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/>Part of the recommendation by Tharum to encouraging KI team to be more professional is good, but I don’t think KI team is lacking ability to be professional, what they are lacking are time and support. As their message told us before, they spent time with KI for free and they don’t have any ad for revenue generating.
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/>However, KI has played an emerging bridge for all Cambodians to debate political, social and economic issues, and it is telling us about the progressive of technology. Cambodians will not be silent anymore because they can come to internet and express their opinions. But my primary concern is how many percent are able to access to internet.
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/>I love the motto of KI saying “truth set us free”…but let see those insulting comments might not set us free…however, I am still one of KI’s fans!

Norbert Klein

I do NOT understand, however, the reason for – potentially – comparing KI-Media with WikiLeaks. Wikileaks is doing a unique job, different in almost any respect from what KI-Media does: content, style, clear procedural and social goals. I think it is a disservice for Wikileaks to be compared to KI-Media.

Phatry Derek Pan, former Hawaii Postgraduate Student

I remember KI Media back in 2005 when their domain was originally khmerintelligence.com. It was a simple layout – no images, no shared button, etc. The news were categorized numerically by “accuracy.” Being an observer of Cambodia’s development, I found the original site to be quite fascinating because of its content which appeared to be a mixture of rumors and facts. I recall a story about the late Prince Naridapong (sp) who KI-Media alludes to be relocated somewhere in Midwest America. I do agree with Tharum that much more could be done by KI to the development of citizen journalism being how popular the site has become in recent years.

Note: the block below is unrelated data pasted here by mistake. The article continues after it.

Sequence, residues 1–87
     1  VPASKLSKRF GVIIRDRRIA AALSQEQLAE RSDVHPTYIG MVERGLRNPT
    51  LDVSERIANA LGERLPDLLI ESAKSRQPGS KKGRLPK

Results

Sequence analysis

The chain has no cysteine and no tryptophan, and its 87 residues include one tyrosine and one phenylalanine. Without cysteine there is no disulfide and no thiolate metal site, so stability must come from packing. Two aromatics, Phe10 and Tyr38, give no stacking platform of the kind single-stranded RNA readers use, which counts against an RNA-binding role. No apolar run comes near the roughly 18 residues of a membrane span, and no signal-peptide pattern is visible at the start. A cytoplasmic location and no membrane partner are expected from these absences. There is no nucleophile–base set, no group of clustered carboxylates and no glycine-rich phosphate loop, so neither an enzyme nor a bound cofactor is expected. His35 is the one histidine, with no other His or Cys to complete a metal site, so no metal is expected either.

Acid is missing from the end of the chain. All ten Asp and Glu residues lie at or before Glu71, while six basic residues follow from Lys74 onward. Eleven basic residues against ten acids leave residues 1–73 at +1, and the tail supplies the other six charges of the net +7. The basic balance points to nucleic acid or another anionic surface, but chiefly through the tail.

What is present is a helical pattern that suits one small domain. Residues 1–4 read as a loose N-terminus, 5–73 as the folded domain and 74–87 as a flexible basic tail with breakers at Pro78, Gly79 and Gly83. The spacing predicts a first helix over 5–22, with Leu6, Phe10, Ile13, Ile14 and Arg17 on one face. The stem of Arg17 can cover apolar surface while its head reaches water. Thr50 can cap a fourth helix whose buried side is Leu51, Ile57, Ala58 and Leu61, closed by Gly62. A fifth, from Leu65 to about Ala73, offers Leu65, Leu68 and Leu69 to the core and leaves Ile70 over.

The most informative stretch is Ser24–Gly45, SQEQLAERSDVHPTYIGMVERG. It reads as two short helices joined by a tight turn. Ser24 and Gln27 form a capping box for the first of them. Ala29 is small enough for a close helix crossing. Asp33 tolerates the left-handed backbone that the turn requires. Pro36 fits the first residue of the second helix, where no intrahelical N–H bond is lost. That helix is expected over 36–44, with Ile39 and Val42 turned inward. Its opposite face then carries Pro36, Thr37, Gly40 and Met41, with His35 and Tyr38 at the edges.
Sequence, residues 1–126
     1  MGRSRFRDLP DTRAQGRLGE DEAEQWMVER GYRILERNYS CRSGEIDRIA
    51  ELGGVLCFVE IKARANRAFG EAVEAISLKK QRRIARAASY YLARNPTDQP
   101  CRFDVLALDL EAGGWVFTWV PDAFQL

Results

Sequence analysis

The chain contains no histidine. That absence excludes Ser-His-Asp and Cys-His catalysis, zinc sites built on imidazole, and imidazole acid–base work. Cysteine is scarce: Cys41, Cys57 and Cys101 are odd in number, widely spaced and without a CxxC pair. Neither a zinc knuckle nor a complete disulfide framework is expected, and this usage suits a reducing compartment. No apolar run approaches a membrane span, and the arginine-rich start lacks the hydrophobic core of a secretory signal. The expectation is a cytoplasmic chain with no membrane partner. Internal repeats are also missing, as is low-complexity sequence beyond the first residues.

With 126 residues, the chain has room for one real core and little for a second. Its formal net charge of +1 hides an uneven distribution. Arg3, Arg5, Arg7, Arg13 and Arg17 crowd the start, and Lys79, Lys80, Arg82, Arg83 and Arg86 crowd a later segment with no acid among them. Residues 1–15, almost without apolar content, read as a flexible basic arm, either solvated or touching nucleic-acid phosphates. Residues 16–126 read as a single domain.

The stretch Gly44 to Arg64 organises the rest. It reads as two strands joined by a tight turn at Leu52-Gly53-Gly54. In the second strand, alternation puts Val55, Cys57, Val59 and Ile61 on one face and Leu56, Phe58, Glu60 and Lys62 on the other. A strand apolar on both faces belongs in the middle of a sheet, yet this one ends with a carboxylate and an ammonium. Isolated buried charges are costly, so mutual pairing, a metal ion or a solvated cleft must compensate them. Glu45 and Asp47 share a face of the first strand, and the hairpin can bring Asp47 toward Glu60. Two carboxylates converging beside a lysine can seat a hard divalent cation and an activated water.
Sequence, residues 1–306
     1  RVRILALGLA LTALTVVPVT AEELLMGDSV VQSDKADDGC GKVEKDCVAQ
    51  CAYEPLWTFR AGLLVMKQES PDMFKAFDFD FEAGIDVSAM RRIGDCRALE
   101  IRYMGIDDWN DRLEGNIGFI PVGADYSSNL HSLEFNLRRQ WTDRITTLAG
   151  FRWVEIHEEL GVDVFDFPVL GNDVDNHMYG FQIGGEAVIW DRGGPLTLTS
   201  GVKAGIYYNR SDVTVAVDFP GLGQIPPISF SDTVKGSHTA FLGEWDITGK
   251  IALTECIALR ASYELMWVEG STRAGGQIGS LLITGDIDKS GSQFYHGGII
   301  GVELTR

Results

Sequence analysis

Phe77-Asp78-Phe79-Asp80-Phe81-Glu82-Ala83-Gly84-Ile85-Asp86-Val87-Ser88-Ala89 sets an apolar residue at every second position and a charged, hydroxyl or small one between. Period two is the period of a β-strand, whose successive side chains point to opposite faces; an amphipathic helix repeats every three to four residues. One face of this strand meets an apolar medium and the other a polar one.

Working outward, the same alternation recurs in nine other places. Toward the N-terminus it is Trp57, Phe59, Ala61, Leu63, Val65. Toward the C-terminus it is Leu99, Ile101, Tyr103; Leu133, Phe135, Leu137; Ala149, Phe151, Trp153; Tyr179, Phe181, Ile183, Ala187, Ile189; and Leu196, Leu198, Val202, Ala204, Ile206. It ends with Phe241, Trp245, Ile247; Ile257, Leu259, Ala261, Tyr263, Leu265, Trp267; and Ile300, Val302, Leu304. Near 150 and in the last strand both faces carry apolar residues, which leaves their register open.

Steve Goodman, an expatriate in Phnom Penh
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You can’t blame KI-Media for “comments” that its readers post. It is both unfair and inaccurate to fail to distinguish between the content posted by the “editors” of the site and the entirely user-generated comments that it elicits.
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Thai Sothea, Phnom Penh resident

Ki-media used to be a good source of information but now it is blog where people can just curse and swear. Decided to stop reading it now because I don’t want to endorse the insulting blog. It is good though for some people.

Like it or not, it implies that the site endorses such use of swear. I don’t think the popularity of the site has anything to do with all those insulting comments so why not making it more professional? People call it freedom of expression, but I think (maybe I am among the minority) letting people use your media tool to curse others is unethical. Why does it not do the way newspaper editors do reserving the right to edit out any inappropriate content before publishing comments?